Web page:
For instance, if a spouse dies and assets are divided into two or three different Trusts, we want to make sure that the trustee is not only electing to pay out interest and dividends, but also distributing long term capital gains if and when appropriate. Trusts have very compressed income tax brackets and will reach the maximum rate of 39.6% with as little as $11,950 of income. An individual taxpayer does not reach that tax bracket until he or she has $400,000 of income. To mitigate the higher taxes the Trust would be subjected to, we want to make sure that the Trust document provides the flexibility to allow the trustee to pay out most, if not all of the income earned in the trust. Remember, long term capital gains will be taxed at the 20% tax rate, plus they will also start paying the 3.8% Medicare surtax. A trust is subject to the additional 3.8% if the income in the trust is at or over $11,950.
Other Tax Planning Opportunities
Taxpayer’s 70½ years old are still permitted to contribute $100,000 from their IRA directly to charity through the end of 2013. This is a great way to benefit a charity, improve the deductibility of your contribution and keep your Adjusted Gross Income from rising.
Now that many of our clients are subject to higher tax rates, we want to make sure that they are taking advantage of write-offs, deductions, and reductions to their taxable income as much as possible. For instance, the new tax laws still provide for the depreciation of equipment and for bonus depreciation.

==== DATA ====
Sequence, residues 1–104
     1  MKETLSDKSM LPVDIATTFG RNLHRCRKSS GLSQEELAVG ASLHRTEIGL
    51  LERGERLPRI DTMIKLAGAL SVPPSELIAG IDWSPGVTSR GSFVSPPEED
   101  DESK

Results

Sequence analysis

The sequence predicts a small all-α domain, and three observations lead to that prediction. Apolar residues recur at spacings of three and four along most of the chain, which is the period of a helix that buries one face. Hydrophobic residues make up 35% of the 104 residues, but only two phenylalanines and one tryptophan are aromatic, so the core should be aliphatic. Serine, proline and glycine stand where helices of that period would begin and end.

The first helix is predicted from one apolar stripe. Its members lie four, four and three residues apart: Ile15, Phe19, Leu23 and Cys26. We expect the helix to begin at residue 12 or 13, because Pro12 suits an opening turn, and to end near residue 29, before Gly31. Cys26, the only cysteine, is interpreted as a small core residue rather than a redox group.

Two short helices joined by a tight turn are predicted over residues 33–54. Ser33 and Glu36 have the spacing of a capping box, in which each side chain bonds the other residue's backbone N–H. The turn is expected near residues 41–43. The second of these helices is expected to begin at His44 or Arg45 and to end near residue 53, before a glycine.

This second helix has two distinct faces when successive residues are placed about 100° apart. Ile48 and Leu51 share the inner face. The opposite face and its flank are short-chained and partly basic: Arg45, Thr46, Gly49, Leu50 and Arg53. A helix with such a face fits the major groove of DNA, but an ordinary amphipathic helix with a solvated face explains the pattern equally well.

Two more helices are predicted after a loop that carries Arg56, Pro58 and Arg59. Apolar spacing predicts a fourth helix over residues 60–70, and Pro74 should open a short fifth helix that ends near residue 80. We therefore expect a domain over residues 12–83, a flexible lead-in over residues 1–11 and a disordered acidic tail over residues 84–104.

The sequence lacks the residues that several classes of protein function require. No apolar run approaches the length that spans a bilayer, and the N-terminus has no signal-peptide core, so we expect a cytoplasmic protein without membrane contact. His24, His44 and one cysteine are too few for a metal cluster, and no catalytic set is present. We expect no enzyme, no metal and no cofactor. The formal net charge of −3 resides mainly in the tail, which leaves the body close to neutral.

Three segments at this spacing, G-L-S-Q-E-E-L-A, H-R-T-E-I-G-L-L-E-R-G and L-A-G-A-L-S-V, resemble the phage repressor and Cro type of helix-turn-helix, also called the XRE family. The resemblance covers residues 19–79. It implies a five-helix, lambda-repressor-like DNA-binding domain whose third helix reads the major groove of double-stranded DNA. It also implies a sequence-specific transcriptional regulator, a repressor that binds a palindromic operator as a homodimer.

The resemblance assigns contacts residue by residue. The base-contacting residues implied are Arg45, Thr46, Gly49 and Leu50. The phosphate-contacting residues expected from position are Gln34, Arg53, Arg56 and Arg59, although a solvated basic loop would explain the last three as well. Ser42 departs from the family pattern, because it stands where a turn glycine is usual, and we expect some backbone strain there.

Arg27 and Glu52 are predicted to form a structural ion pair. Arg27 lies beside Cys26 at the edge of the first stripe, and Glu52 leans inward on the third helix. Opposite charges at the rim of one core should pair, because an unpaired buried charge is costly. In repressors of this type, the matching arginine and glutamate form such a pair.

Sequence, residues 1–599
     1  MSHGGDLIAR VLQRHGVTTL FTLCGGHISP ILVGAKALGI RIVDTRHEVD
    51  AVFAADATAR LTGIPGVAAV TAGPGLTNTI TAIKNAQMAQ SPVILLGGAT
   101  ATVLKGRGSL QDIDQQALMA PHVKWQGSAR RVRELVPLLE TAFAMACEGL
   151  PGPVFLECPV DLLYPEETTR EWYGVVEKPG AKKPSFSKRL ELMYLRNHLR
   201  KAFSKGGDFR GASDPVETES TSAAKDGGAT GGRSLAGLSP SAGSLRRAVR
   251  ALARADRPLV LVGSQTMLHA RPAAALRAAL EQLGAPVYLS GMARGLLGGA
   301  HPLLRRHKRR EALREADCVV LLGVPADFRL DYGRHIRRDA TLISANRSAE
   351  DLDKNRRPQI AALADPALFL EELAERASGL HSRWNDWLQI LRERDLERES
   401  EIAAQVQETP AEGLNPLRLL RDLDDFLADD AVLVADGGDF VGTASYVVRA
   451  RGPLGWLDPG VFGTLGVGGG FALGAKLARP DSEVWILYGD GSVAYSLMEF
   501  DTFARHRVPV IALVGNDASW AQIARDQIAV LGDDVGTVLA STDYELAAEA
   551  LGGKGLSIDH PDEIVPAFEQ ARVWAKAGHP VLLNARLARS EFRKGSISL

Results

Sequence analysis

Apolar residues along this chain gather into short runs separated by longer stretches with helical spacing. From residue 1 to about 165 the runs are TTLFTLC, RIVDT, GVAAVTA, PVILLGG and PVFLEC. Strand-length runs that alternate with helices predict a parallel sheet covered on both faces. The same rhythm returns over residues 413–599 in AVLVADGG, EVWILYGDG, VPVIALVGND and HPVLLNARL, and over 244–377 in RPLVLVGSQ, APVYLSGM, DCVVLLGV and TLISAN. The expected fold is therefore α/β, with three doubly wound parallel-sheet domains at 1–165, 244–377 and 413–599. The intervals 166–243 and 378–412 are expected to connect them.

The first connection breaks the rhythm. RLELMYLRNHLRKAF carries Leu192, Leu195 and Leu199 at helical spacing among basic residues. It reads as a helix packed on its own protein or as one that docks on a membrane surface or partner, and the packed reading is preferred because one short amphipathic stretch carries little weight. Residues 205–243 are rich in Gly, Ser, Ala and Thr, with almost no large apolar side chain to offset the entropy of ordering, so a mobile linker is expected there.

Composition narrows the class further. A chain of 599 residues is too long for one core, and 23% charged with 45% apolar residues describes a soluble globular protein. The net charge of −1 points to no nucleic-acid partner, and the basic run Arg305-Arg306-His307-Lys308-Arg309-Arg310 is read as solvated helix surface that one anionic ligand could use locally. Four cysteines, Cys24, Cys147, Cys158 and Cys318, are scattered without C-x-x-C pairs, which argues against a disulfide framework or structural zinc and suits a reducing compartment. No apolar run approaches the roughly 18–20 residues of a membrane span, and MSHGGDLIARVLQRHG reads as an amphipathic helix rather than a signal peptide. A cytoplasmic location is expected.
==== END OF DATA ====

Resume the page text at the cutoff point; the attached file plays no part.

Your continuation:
Congress and the IRS have debated for several years about limiting the use of Family Limited Partnerships. Under the new tax regime, these types of entities can still be used effectively for families, especially for those that have closely held family businesses.
The discounting of value on minority stock in a family held business has also been included in the new tax law. While, there was some debate in the past about the elimination of this provision benefiting families that own closely held businesses, the discounts have been preserved.
Income tax laws have changed which will affect the amount and type of income that you have coming in this year. Estate tax and gift tax exemptions have now been finalized. Because of that, we can start making necessary changes to Wills and Trusts and begin discussing different ways to help protect your net worth and preserve assets for your family or charities.
Gary Pittsford, CFP® is President and CEO of Castle Wealth Advisors, LLC. Castle specializes in helping high net worth families and closely-held business owners with asset management strategies, succession planning, estate and income tax analysis and family gifting techniques. Castle’s senior partners work with clients throughout the country in making logical decisions that help them fulfill their personal and business financial goals. For more information visit www.Castle3.com, call 1-888-849-9559 or e-mail Gary directly at .